16 S.W. 886 (Mo. 1891), State v. Warford

Citation:16 S.W. 886, 106 Mo. 55
Opinion Judge:Macfarlane, J.
Party Name:The State v. Warford, Appellant
Attorney:Hicklin & Yates for appellant. John M. Wood, Attorney General, and J. A. Selby for the State.
Case Date:June 23, 1891
Court:Supreme Court of Missouri

Page 886

16 S.W. 886 (Mo. 1891)

106 Mo. 55

The State


Warford, Appellant

Supreme Court of Missouri, Second Division

June 23, 1891

April, 1891

Appeal from Daviess Circuit Court. -- Hon. C. H. S. Goodman, Judge.

Reversed and remanded.

Hicklin & Yates for appellant.

(1) Before the accused can be convicted of burglary the evidence must show affirmatively and definitely that the doors through which defendant might have entered were closed. State v. Kennedy, 16 Mo.App. 287; Lowder v. State, 63 Ala. 143; S. C., 35 Am. Rep. 9; Williams v. State, 52 Ga. 580. It is not sufficient to prove that it was the custom to keep the doors closed. Green v. State, 68 Ala. 539. (2) The saddle was not found in the exclusive possession of the defendant. Hence no presumption of guilt could arise as to him. The state's sixth instruction is error, because it asserts that if the saddle was in the possession of defendant, "or of defendant and another," the law presumes his guilt. Such is not the law. State v. Castor, 93 Mo. 250; Taliaferro v. Commonwealth, 77 Va. 411; Shropshire v. State, 69 Georgia, 273; State v. Tilton, 63 Iowa 117; S. C., 18 N.W. 716; 1 Greenleaf, Ev., sec. 33; Wharton, Crim. Ev., sec. 758. (3) Defendant's refused instruction should have been given. He had the right to have the jury instructed upon the theory established by his own, or any other, testimony in the case. State v. Banks, 73 Mo. 592; State v. Anderson, 86 Mo. 309. (4) The mere possession of stolen goods is not sufficient to create the presumption of burglary. The rule in larceny does not apply. The cases of State v. Babb, 76 Mo. 501, and State v. Wheeler, 79 Mo. 366, should not be adhered to. 3 Greenleaf, Ev., sec. 31, and authorities cited; 1 Wharton, Crim. Ev. [9 Ed.] sec. 763; 1 Wharton, Crim. Law [9 Ed.] sec. 818; 1 Wharton, Crim. Law [7 Ed.] sec. 729; Stewart v. People, 42 Mich. 255; State v. Shaffer, 59 Ia. 290; State v. Tilton, 63 Ia. 117; 2 Bishop, Crim. Proc., sec. 747, note 3; Jones v. State, 6 Parker, 125; Com. v. McGarty, 114 Mass. 299; State v. Reid, 20 Iowa 413; State v. Hayden, 45 Iowa 11; People v. Gordon, 40 Mich. 716; People v. Noregea, 48 Cal. 123; People v. Mitchell, 55 Cal. 236. (5) Remarks in a closing argument, dehors the record, are reversible error when calculated to mislead the jury, or excite its bias. State v. Young, 99 Mo. 666; State v. Jackson, 95 Mo. 623; State v. Reed, 71 Mo. 200; State v. Kring, 64 591; State v. Mahley, 68 Mo. 316; State v. Martin, 74 Mo. 547. The rule has even been extended to civil cases with like effect. Gibson v. Zeibig, 24 Mo.App. 65; Fathman v. Tumilty, 34 Mo.App. 236; Holliday v. Jackson, 21 Mo.App. 660; Ritter v. Bank, 87 Mo. 574.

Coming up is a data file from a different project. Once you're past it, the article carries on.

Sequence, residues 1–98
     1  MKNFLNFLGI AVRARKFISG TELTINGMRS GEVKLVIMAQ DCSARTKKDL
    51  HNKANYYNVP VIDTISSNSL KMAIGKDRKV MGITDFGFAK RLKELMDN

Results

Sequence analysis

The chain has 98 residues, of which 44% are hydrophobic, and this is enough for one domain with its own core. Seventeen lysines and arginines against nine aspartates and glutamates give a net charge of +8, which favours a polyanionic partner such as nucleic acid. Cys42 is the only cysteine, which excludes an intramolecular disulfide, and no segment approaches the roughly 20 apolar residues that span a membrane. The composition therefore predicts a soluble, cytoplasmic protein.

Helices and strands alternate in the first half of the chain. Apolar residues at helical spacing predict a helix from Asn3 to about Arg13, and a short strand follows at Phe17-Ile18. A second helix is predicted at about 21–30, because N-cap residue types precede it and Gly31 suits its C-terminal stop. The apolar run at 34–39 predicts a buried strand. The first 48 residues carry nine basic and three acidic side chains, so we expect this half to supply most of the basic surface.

John M. Wood, Attorney General, and J. A. Selby for the State.

(1) The great majority of facts proven in court are not susceptible of mathematical demonstration, and it is only a moral certainty that is required. It is only by giving credence to what a credible witness believes or thinks to be true that juries are enabled to arrive at a verdict in the great majority of cases. 1 Greenleaf, Ev. [14 Ed.] sec. 1, p. 3; State v. Babb, 76 Mo. 504; 1 Greenleaf, Ev. [14 Ed.] sec. 10, p. 17. (2) The sixth instruction for the state is not erroneous for the reason that in the sixth instruction for defendant the court sufficiently explains what is meant by the phrase, "in the possession of defendant and another," by instructing the jury that, although they might find the stolen property was in the possession "of defendant and another," yet, unless they believe defendant and the other person were acting in concert, they might acquit defendant. State v. Bradley, 31 Mo.App. 319; State v. Ware, 69 Mo. 332; State v. Mathews, 98 Mo. 130. (3) The refusal to give the instruction asked by defendant was proper. There was no evidence upon which to base it. State v. Foster, 61 Mo. 549; State v. Jones, 64 Mo. 391; State v. Gilmore, 95 Mo. 554; State v. Kelly & Johnson, 9 Mo.App. 512; State v. Ware, 69 Mo. 332. (4) The sixth instruction for the state, having left to the jury the question of fact as to whether or not the saddle in question was in the barn at the time; as to whether or not the doors of the barn were fastened, as described by the witnesses at the time of alleged burglary; as to whether or not the barn was broken into and entered, and, lastly, as to whether the saddle in question was stolen therefrom -- then the further charge that, if recently...

To continue reading